The use of renewable energy and energy conversion and storage have become increasingly important due to the huge demand of energy supply in modern society and emerging ecological concerns in a way which is environmental friendly and low cost1. Fuel cells, especially solid oxide fuel cells (SOFC), proton exchange membrane fuel cells, supercapacitors, Li-ion batteries, acousto-optic filter, solid state lasers, photo-catalysts and solar cells etc. are the wide range of technological applications for the energy conversion and storage devices2,3,4,5,6,7. The performance of these devices depends intimately on the properties of their materials.

Because of the high efficiency, fuel flexibility and low pollutant emission, SOFC becomes to be a boundless blessing in alternative energy sector for upcoming generation8,9,10,11. Oxygen ion conduction requires high activation temperature, which are incompatible with low or intermediate temperature operation. Proton conducting materials can be thermally activated at lower temperatures than oxygen ion conducting ones12. At intermediate temperature range (400–700 °C), some perovskite type oxides shows low activation energy and high proton conductivity in H2 and H2O atmospheres13,14,15. Further development of protonic solid oxide fuel cells operating at intermediate temperature (IT, 400–700 °C) is still important technological challenge16,17,18,19. The IT-SOFC has proved to be cost effective over conventional high temperature solid oxide fuel cells (HT-SOFC), as IT-SOFC can be manufactured more economically using less expensive stack interconnect materials20,21. High-temperature proton conductors have, in general, been found to be oxides with oxygen deficiency in the form of oxygen vacancies, where protons dissolve as hydroxide defects in the oxide at the expense of the vacancies.

Getting the best proton conducting electrolyte material with a highly chemical stability is a great challenge. Synthesis of a highly dense ceramic proton conducting electrolyte materials at low sintering temperature is another major challenge as well. Acceptor doped perovskites are examples of oxides containing both oxygen vacancies and protons. Some of the Ba and Sr containing perovskites exhibit state-of-the-art proton conductivity of about 0.01 Scm−1 (e.g. BaCe0.9Y0.1O3−δ)22,23,24,25. Meanwhile, BaCeO3 and BaZrO3 based materials exhibit a high conductivity and a good chemical stability14,26,27. BaCe0.7Zr0.25−xYxZn0.05O3 proton conducting electrolyte was reported high density and high conductive electrolyte in the intermediate temperature range15,28. In the case of the cerates, the basicity of the A cation leads to poor tolerance to CO2, rapidly decomposing to form the carbonates at higher temperatures29,30. This is a major limitation when one considers using these materials in devices such as fuel cells or hydrogen-separation membranes that operate in hydrocarbon environments.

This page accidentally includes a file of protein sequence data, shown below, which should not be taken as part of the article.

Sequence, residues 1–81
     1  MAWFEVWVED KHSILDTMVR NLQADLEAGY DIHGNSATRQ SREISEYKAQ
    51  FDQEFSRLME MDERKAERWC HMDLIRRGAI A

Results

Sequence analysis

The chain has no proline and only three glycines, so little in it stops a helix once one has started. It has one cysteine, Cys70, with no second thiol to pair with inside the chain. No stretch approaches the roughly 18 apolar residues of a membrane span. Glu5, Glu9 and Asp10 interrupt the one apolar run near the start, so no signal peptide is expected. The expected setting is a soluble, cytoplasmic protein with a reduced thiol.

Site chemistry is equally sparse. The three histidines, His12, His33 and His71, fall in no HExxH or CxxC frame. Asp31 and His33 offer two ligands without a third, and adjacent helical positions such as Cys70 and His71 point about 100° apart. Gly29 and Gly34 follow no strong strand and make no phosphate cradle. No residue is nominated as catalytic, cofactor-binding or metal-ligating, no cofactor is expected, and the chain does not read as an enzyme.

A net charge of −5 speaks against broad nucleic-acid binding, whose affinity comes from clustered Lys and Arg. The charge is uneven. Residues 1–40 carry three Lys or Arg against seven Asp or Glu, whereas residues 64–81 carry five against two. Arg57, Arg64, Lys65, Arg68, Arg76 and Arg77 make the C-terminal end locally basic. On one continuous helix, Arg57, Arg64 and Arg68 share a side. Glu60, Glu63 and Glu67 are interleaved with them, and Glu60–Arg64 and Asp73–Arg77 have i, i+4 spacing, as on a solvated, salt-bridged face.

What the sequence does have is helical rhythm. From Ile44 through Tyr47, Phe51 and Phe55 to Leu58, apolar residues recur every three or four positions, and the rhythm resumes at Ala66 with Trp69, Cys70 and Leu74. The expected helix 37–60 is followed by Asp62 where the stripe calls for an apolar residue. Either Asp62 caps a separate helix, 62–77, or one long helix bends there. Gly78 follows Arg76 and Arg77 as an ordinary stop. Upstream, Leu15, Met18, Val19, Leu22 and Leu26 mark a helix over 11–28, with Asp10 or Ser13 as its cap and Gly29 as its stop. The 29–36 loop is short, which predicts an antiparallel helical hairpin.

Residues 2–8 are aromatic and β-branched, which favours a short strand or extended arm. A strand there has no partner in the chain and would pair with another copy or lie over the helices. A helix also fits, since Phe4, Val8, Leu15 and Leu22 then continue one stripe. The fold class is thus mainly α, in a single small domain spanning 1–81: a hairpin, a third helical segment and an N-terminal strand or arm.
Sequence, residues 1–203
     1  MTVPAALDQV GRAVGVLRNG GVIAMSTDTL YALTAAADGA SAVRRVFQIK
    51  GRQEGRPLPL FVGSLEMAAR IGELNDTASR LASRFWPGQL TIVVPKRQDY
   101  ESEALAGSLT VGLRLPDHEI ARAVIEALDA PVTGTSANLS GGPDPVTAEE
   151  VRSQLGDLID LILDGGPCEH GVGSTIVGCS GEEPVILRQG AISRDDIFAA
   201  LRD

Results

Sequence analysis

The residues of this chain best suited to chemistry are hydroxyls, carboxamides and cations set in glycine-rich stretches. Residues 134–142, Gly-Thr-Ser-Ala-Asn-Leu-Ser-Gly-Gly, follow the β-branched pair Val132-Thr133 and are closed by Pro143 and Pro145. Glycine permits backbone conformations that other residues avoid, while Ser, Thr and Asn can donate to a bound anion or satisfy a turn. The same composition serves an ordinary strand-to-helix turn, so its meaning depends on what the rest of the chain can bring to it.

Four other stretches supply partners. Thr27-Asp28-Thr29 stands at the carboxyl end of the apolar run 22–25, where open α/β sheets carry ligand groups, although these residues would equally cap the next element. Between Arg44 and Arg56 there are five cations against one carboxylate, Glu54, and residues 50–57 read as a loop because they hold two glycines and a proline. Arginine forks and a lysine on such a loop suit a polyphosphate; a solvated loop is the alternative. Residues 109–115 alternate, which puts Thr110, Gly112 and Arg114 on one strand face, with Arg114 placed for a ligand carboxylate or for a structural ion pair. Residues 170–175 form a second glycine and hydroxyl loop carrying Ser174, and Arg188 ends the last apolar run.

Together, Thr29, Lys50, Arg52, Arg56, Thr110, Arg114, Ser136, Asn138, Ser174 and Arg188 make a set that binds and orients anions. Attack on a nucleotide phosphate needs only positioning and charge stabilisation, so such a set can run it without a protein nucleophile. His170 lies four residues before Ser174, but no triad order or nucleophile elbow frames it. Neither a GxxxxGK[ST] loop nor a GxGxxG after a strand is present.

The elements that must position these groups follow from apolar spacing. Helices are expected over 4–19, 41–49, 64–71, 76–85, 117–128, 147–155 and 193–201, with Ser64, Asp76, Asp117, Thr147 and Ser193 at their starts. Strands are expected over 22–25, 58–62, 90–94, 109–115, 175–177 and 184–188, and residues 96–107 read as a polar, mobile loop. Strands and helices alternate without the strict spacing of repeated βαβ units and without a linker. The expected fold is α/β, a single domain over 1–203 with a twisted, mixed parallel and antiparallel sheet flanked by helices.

Recently, alternative proton-conducting materials like acceptor-doped rare-earth materials, MTO4, where M = La, Ca, Sr, Ba, Y, Nd, Gd, Tb, Er, Pb, Cd and T = Nb, W, Mo, Mn have been suggested that offer high CO2 tolerances based on the scheelite structure31,32,33,34,35,36. Proton conductivity dominates under wet conditions up to temperatures around 1,000 °C with a contribution of p-type electronic conduction, significant under oxidizing conditions above 800 °C. LaNbO4-based materials exhibit moderate conductivity while being almost pure proton conductors, and for their stability in CO2-containing atmosphere and water vapour environment31,37. The highest proton conductivity recorded so far is the material LaNbO4 when it contains minor A-site acceptor substitutions, such as Ca0.01La0.99NbO4−d at 800 °C38. It was reported that photoluminescence intensity of mixed tungstate Ca0.6Sr0.4WO4 is higher than for individual tungstate39.

Among all scheelite crystals, BaWO4 is the most efficient crystal for the development of Raman lasers40. The calculations also show BaWO4 to be a direct band gap crystal having less dispersive valence and conduction bands and in contrast to other Scheelites crystals. These scheelite-type oxides exhibit a high oxide ion conduction, e.g., Pb0.9Sm0.1WO4+δ shows a conductivity of 2 × 10−2 Scm−1 at 800 °C, which is comparable to that of YSZ (3.6 × 10−2 Scm−1 at 800 °C)36,41. Ca and Ba doped SrWO4 scheelite material were prepared by solid solution and standard wet milling ceramic preparation method and used as optical and photovoltaic applications42,43,44. No work has been reported to use these materials fuel cell devices.

In the current study, Ba doped with SrWO4 in A-site of this scheelite composition in order to get sufficient highly density electrolyte material used in SOFC devices. High density coupling with high conductivity will make this material very useful for SOFCs applications. The new mixed ion conducting scheelite Sr1−xBaxWO4 (SBW) (x = 0, 0.1, 0.2, 0.3), later mentioned as SBW1 (for x = 0.1), SBW2 (for x = 0.2) and SBW3 (for x = 0.3), were prepared by solid state sintering method and examined by using X-ray diffraction (XRD), scanning electron microscopy (SEM), thermogravimetric-differential scanning calorimetry (TG-DSC), Fourier transform infrared (FTIR) and Electrochemical impedance spectroscopy (EIS).

Result and Discussion

X-ray powder diffraction